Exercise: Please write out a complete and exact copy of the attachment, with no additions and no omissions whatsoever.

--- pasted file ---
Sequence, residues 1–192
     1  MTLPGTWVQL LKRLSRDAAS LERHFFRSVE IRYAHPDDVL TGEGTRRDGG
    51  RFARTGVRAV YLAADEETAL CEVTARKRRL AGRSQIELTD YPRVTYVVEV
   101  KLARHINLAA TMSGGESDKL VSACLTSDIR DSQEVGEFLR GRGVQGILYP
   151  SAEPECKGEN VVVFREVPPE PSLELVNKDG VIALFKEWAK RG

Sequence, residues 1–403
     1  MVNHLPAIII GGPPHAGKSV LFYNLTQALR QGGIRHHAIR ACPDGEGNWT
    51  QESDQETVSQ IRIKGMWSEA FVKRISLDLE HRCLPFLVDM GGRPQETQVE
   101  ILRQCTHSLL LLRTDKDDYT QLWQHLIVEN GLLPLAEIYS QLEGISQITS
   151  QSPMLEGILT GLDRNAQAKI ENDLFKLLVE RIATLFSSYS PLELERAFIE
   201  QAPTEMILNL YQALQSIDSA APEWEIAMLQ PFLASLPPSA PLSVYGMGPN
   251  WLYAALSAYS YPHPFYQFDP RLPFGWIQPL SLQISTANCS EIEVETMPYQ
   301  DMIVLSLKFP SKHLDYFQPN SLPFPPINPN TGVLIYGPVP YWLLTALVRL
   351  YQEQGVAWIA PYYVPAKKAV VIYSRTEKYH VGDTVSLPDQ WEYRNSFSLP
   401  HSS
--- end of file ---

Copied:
Sequence, residues 1–192
     1  MTLPGTWVQL LKRLSRDAAS LERHFFRSVE IRYAHPDDVL TGEGTRRDGG
    51  RFARTGVRAV YLAADEETAL CEVTARKRRL AGRSQIELTD YPRVTYVVEV
   101  KLARHINLAA TMSGGESDKL VSACLTSDIR DSQEVGEFLR GRGVQGILYP
   151  SAEPECKGEN VVVFREVPPE PSLELVNKDG VIALFKEWAK RG

Sequence, residues 1–403
     1  MVNHLPAIII GGPPHAGKSV LFYNLTQALR QGGIRHHAIR ACPDGEGNWT
    51  QESDQETVSQ IRIKGMWSEA FVKRISLDLE HRCLPFLVDM GGRPQETQVE
   101  ILRQCTHSLL LLRTDKDDYT QLWQHLIVEN GLLPLAEIYS QLEGISQITS
   151  QSPMLEGILT GLDRNAQAKI ENDLFKLLVE RIATLFSSYS PLELERAFIE
   201  QAPTEMILNL YQALQSIDSA APEWEIAMLQ PFLASLPPSA PLSVYGMGPN
   251  WLYAALSAYS YPHPFYQFDP RLPFGWIQPL SLQISTANCS EIEVETMPYQ
   301  DMIVLSLKFP SKHLDYFQPN SLPFPPINPN TGVLIYGPVP YWLLTALVRL
   351  YQEQGVAWIA PYYVPAKKAV VIYSRTEKYH VGDTVSLPDQ WEYRNSFSLP
   401  HSS